Your top ten Jackie Chan movies, go…
Okay, what did you have? Police Story? Project A? Drunken Master? Maybe you went with his American output and have Shanghai Noon or Rush Hour on your list? Perhaps Kung Fu Panda was more to your taste? If you’re a true Jackie Chan aficionado, then I’m 99.999999% certain that you have The Armour of God down as one of the best.
The Armour of God (1987)
The Armour of God is a Hong Kong martial arts/action spectacular in which Chan played Jackie (yup, Jackie) aka The Asian Hawk, a modern day (modern day for the late 80’s) Indiana Jones. The film featured amazing fight sequences and mind numbing stunts. In fact, one of the stunts was literally mind numbing, in which a branch broke when Jackie jumped from a wall to a tree, causing him to plummet to the ground, smashing his head off a rock. Surgery saved him and he now sports a hole where a piece of skull broke off, as UK presenter Jonathan Ross confirmed when he interviewed Chan on the set of Miracles, feeling the hole left at the back of his head, when he hosted a show called Son of The Incredibly Strange Film Show back in the late 1980’s.
The film did so well that it spawned a sequel, The Armour of God II: Operation Condor.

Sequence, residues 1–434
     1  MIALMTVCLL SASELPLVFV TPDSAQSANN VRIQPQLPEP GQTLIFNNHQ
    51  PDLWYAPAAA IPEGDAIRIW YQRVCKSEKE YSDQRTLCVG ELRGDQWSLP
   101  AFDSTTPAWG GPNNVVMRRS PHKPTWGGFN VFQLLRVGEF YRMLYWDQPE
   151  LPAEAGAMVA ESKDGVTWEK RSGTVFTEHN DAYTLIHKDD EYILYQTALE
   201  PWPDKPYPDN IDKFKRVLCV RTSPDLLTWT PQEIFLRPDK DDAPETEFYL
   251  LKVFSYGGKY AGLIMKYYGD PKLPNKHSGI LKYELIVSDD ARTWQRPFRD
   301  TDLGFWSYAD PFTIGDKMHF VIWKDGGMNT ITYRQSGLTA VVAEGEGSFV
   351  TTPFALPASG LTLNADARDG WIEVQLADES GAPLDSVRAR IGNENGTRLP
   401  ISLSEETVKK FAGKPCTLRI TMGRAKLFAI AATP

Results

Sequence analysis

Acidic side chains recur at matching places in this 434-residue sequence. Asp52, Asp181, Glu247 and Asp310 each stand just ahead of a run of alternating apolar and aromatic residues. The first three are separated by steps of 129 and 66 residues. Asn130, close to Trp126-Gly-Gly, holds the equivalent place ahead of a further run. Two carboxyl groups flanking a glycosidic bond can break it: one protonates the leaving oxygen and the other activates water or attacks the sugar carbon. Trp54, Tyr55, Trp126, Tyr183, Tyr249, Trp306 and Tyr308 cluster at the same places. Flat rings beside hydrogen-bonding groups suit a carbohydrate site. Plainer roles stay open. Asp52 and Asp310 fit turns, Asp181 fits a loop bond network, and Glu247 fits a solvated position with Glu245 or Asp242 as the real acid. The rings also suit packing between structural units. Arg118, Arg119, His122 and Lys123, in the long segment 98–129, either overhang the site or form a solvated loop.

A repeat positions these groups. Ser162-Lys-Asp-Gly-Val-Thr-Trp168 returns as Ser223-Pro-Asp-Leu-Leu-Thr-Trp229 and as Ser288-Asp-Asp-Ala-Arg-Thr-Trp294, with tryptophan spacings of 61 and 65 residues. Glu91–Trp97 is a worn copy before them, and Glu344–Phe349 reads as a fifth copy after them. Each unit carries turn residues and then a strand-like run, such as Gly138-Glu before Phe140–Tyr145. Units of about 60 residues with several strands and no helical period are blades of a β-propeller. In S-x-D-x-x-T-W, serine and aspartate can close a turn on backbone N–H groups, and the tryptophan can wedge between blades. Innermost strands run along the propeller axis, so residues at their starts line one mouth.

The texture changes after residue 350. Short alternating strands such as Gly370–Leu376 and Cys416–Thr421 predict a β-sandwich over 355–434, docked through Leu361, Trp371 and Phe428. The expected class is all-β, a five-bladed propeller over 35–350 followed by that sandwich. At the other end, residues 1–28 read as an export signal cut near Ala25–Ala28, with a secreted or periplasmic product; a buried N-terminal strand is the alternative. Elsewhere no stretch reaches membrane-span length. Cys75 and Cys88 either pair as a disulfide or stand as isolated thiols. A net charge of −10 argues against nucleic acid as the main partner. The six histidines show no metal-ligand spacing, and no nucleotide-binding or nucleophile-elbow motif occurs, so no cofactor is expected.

The Armour of God II: Operation Condor (1991)
This follow-up had the franchise getting more and more like Indiana Jones as it had, well, it had Nazis and a desert setting. More epic in scale than the first film, it was, at the time, the most expensive Hong Kong movie ever made. However, although it gathered mostly positive reviews, I simply didn’t like it.
Yes, the setting is lush with some decent fight scenes, but, as a whole, it just didn’t cut it for me for some reason, I found it lacking somewhat.
However, about a year ago I caught wind of a second sequel, as much as I loved the first film and “meh” the second, a third movie in the series had me fired up and, when the trailer hit, I HAD to see it. The trailer had me pumped.
This was, for me, the one that would set the franchise straight and bring Jackie Chan right back to the limelight he so richly deserves and establish The Asian Hawk as a legitimate movie hero.
Chinese Zodiac (2012)
Chinese Zodiac aka CZ12 aka The Armour of God III is a sort of pseudo-reboot (cool buzzword I picked up off the interweb when doing a bit of background research) of The Armour of God series. He plays The Asian Hawk character again, except he doesn’t…
Let me try to qualify that. Jackie plays The Asian Hawk, but, as far as I am aware he wasn’t referred to as that in the film (he is known as JC in the movie – see what they did there?), however he is still a treasure hunter/adventurer, but one that uses high tech equipment – which is out of character and quite a bit different to the rough and ready hero of the previous films. For example, one scene has Chan put on a pair of gloves which scans whatever he touches (in this case the bronze heads), and sends the image back to the lab for the processing of fake heads. This is more Ethan Hunt than Asian Hawk…
The film centres around 12 bronze statue heads which were looted from the Yuan Ming Yuan (Old Summer Palace) by the French and British during the Second Opium War in the mid-1800’s. Scrub forwards to the present day, where some of the bronze heads are being auctioned off and Chan is charged with finding the missing heads with the promise of a huge payday.